RNA interference: The molecular immune system

  title={RNA interference: The molecular immune system},
  author={Omar Bagasra and Kiley R. Prilliman},
  journal={Journal of Molecular Histology},
Introduction of double-stranded RNA (dsRNA) into cells expressing a homologous gene triggers RNA interference (RNAi), or RNA-based gene silencing (RBGS). The dsRNA degrades corresponding host mRNA into small interfering RNAs (siRNAs) by a protein complex containing Dicer. siRNAs in turn are incorporated into the RNA-induced silencing complex (RISC) that includes helicase, RecA, and exo- and endo-nucleases as well as other proteins. Following its assembly, the RISC guides the RNA degradation… 

Dissection of Double-Stranded RNA Binding Protein B2 from Betanodavirus

It is found that B2 is able to induce apoptosis in fish cells but that this was not the result of dsRNA binding, and that siRNA-mediated knockdown of Dicer dramatically enhanced the accumulation of a B2 mutant.

RNA interference and ion channel physiology

RNAi has provided definitive identification of ion channel subtypes responsible for both basal and stimulated ion conduction across the plasma membrane of several cell types and has been particularly effective in identifying and establishing the contribution of auxiliary subunits and regulatory proteins to the overall function of ionChannel complexes.

The Role of RNAi in Mammalian Cells in Response to Sindbis virus infection

The lack of vsRNA fragments led to the conclusion that during virus infection the siRNA pathway is suppressed by either the cell or the virus itself, although SINV has been shown not to have any RNAi suppressors in previous studies conducted on its insect vector.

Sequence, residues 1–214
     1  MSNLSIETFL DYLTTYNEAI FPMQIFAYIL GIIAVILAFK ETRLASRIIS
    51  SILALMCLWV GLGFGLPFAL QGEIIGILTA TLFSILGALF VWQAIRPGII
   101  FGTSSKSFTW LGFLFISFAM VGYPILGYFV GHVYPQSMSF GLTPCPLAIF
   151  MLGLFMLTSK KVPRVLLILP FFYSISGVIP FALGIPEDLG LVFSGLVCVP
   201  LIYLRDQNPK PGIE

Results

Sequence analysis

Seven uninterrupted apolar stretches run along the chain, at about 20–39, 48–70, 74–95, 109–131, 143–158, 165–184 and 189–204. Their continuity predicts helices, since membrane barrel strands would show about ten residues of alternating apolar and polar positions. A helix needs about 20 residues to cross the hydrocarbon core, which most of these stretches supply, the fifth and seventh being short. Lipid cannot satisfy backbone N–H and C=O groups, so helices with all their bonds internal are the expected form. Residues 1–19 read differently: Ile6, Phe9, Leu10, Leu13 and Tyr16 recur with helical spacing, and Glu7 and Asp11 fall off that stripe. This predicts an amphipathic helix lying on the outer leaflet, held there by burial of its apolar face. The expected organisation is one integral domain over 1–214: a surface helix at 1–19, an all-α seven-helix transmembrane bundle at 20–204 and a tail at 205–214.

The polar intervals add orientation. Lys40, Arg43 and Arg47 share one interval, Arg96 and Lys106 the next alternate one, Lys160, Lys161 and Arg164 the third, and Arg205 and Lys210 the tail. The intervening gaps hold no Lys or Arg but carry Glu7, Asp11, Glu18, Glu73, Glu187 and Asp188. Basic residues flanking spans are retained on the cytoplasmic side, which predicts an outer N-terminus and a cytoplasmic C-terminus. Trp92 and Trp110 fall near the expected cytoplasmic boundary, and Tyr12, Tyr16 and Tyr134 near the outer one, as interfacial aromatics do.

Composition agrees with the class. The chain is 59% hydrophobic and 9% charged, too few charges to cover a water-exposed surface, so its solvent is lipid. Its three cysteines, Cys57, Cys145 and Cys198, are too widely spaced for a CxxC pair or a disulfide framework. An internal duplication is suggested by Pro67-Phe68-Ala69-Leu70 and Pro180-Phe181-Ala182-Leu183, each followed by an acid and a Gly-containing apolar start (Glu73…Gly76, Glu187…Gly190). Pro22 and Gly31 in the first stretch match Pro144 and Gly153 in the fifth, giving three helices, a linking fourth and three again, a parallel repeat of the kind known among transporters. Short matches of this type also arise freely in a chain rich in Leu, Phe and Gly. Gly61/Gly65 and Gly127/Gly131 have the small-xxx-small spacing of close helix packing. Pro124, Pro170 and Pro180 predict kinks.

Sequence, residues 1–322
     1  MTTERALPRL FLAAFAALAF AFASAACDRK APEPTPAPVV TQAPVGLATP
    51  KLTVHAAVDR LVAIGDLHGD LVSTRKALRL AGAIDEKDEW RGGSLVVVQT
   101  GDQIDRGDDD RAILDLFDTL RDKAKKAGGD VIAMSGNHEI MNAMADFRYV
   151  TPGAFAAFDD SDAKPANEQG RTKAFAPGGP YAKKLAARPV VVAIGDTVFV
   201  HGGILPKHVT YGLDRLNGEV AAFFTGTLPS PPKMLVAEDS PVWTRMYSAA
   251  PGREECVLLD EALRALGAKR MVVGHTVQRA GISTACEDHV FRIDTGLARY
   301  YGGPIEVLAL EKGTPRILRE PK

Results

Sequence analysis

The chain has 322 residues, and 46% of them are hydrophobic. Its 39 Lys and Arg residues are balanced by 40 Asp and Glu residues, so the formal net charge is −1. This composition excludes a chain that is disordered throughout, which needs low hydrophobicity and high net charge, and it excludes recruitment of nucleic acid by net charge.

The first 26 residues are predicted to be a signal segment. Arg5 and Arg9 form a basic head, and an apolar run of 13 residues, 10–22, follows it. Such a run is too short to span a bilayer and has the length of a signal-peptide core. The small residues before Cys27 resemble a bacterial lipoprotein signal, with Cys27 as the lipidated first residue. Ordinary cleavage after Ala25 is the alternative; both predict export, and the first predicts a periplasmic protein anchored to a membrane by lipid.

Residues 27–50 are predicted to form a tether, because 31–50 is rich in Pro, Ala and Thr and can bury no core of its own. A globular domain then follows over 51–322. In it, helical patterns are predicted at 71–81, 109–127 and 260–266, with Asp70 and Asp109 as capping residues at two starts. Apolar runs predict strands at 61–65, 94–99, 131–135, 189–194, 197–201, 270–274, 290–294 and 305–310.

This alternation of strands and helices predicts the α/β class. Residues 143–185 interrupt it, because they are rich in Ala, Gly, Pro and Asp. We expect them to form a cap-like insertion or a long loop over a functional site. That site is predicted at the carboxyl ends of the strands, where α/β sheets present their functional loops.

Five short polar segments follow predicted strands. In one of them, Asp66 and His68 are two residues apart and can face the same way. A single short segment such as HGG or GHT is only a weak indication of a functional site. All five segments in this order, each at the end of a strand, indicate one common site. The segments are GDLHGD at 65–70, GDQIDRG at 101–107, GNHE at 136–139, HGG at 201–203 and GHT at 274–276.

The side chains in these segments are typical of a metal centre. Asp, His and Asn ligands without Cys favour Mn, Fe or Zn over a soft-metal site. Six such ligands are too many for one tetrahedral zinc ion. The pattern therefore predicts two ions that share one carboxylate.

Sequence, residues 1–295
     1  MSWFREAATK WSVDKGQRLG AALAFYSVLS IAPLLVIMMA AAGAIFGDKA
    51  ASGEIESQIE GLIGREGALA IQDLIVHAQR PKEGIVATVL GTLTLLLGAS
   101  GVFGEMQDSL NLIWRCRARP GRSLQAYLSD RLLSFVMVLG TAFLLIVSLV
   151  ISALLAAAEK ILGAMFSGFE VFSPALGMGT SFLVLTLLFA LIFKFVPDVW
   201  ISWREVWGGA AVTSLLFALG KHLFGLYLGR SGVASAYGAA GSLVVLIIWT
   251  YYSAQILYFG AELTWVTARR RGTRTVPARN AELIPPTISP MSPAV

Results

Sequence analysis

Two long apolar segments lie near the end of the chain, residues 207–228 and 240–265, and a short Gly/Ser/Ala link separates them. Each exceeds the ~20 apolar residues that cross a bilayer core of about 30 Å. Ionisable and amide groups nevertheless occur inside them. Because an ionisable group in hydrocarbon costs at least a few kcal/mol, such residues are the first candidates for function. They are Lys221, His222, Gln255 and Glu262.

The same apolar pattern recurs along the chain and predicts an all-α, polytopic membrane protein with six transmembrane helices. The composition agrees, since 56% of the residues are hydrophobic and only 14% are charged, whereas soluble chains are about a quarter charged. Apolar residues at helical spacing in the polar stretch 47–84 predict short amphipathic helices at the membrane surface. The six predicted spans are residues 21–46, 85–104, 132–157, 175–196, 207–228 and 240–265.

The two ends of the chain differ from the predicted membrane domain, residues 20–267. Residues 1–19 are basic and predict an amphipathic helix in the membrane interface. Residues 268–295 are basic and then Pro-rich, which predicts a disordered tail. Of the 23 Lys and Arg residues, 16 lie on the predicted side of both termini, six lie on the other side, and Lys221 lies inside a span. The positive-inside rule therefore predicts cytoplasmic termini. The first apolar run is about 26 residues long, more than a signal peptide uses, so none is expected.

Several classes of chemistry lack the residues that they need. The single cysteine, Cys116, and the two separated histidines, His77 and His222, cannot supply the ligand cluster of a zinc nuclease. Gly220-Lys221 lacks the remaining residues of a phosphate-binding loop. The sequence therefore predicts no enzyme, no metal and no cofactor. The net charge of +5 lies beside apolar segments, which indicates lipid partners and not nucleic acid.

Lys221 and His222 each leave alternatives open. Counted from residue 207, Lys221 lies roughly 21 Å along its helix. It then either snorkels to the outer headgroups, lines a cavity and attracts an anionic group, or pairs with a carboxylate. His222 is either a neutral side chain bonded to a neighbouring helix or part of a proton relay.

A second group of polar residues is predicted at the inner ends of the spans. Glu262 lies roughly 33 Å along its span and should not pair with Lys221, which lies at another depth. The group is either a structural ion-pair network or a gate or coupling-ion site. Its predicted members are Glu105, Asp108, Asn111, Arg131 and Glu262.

RNA silencing movement in plants

This review attempts to clarify commonalities and differences between the individual silencing pathways of RNA silencing spread in plants, and reveals various and sometimes surprising genetic elements of the short‐range silences spread pathway.

Role of Micro-RNAs in Regulation of Lentiviral Latency and Persistence

The data suggest that triplex formation may be an important mechanism of LV latency mediated by endogenous miRNAs, and perinuclear triplexes are formed in LV-infected cells.

Host gene targets for novel influenza therapies elucidated by high‐throughput RNA interference screens

Meta‐analysis of findings from genome‐wide RNAi screens has shown influenza virus to be dependent on functional nodes in host cell pathways, requiring a wide variety of molecules and cellular proteins for replication.

Models for the optical dispersion relations of amorphous semiconductors

A number of heuristic optimization methods for the minimal siRNA covering problem are explored, which include evolutionary heuristics, as well as novel greedy methods applied for the first time to the minimalSiRNA cover problem.

Knockdown of Actin and Caspase Gene Expression by RNA Interference in the Symbiotic Anemone Aiptasia pallida

Since the discovery of the ancient eukaryotic process of RNA-mediated gene silencing, the reverse-genetics technique RNA interference (RNAi) has increasingly been used to examine gene function in